Tackling the Green Ceiling: Getting Women into Energy

Tackling the green ceiling: Getting women into energy
Chief People Officer Helen Bradbury shares how E.ON is opening doors for women to obtain green skills and gain easier access to the energy industry

Despite efforts to shoehorn people into green industries, women make up a little over a third of the workforce across green industries, 10% less than in other industries.

The subsequent ‘green ceiling’ for women is posing yet another obstacle in the way of closing the skills gap that is necessary to addressing the climate crisis, as addressed at COP28.

The International Energy Agency (IEA) states that innovative solutions require a diverse and equitable energy sector, with its research showing that although making up 39% of the global labour force, women only account for 16% of the traditional energy sector’s manpower.

In management, the numbers dwindle further, with women facing similar barriers to their counterparts in other industries. But the energy sector is working to use its ongoing transformation to its advantage, to employ a diverse talent pool to help create a greener tomorrow.

One energy provider working to tackle this issue head-on is E.ON.

“The green ceiling must be tackled if we’re to meet net zero and combat the climate crisis,” declares Helen Bradbury, Chief People Officer at E.ON UK. “Organisations like E.ON are actively seeking to help improve sustainability in homes, businesses and across entire communities, and attracting female talent at an early stage is crucial to help break down some of the barriers to entry into green roles.”

In the UK alone, E.ON employs more than 220 apprentices, both male and female, across more than 50 different schemes organisation-wide, including 23 degree apprentices on fully-funded education pathways. This is just one way it is taking active steps to stop the green ceiling emerging further.

She continues: “E.ON's inclusive approach to development is designed to address inequality in all its forms by creating opportunities that are accessible to all.”

To tackle the green skills gap, E.ON is responding to its own research which found that almost half of young people aged between 16 and 24 wish to forgo traditional higher education to enter green employment sooner.

This encourages Helen to advocate for the offering of apprenticeships and learning opportunities that create pathways into work as well as recognised qualifications that colleagues will have for life.

“Democratising access to green skills training — whether entry level, middle management or through our Senior Leadership programmes — is critical to taking the necessary steps to tackling the growing green skills gap,” Helen adds.

By collaborating with LinkedIn, E.ON has rolled out LinkedIn Learning, which offers E.ON employees access to thousands of on-demand, expert-led online learning courses. More than 56,000 on-demand learning videos have been watched as part of the programme, with two of the top five most completed courses focused on green skills.

Facilitating women with access to the energy industry

LinkedIn studies have also shown women are entering the green talent pool at a higher rate than their male counterparts in the last two years, but even though this is positive progress, the pace of change is not fast enough to keep up with the ever-widening green gender gap.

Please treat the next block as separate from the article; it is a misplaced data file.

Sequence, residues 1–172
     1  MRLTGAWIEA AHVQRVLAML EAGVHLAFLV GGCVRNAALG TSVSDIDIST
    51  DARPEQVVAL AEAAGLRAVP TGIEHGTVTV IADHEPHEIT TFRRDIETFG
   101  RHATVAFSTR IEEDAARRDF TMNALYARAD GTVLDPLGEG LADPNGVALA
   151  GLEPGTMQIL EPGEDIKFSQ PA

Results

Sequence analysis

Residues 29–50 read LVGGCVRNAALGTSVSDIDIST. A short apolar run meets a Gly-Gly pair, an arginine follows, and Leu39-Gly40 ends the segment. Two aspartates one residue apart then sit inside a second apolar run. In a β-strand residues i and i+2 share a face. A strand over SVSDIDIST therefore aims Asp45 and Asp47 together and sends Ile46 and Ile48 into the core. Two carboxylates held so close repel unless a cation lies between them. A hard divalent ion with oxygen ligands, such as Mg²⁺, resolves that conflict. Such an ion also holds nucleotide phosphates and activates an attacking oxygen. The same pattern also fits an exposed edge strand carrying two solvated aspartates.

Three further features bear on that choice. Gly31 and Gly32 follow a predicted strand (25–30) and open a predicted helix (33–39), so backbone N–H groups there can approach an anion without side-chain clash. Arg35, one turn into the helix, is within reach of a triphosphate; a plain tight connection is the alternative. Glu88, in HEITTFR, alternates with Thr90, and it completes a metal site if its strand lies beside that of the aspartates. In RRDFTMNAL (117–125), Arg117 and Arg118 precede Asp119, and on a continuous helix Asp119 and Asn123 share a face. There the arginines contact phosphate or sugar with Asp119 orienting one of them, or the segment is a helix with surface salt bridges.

This, Helen adds, also exacerbates the issues of female underrepresentation in leadership roles.

“In order to support women in breaking into the energy industry, it’s important for businesses to focus not just on hiring but on how they can train and develop professionals with the skills needed for these emerging and in-demand roles,” she continues.

“At E.ON, we believe it’s vital we create pathways into green jobs for current and future colleagues that provide them with a robust qualification and then create a learning environment to ensure that they continue to grow their skills and thrive in the future.”

This has materialised at E.ON in the form of its Fast Forward network, which is focused on supporting women’s career development and increasing representation and gender balance across the organisation. Personalised development is provided through the Women in Leadership programme, with listening circles, curated learning paths and other content available to help tackle key barriers to women's growth in the energy industry, as well as other green sectors.

But there’s no overnight solution to ensuring the growth of a workforce’s green skills, even once they’ve broken into the industry.

“It’s a systemic issue,” Helen highlights. “Businesses and HR teams can support on the journey to more green skills by ensuring they have an in-depth understanding of the skills needed to achieve its climate goals. Tailored and targeted reskilling programmes, as well as on-the job training for employees can then be implemented.”

Even with there being plenty of progress made and a considerable way to go, Helen emphasises that this should not stand in the way of supporting the adoption of green skills, particularly in the underrepresented minority of the workforce that is women. But one thing is clear — this can only be improved through cross-industry collaboration, and forming a united front in tackling this challenge.


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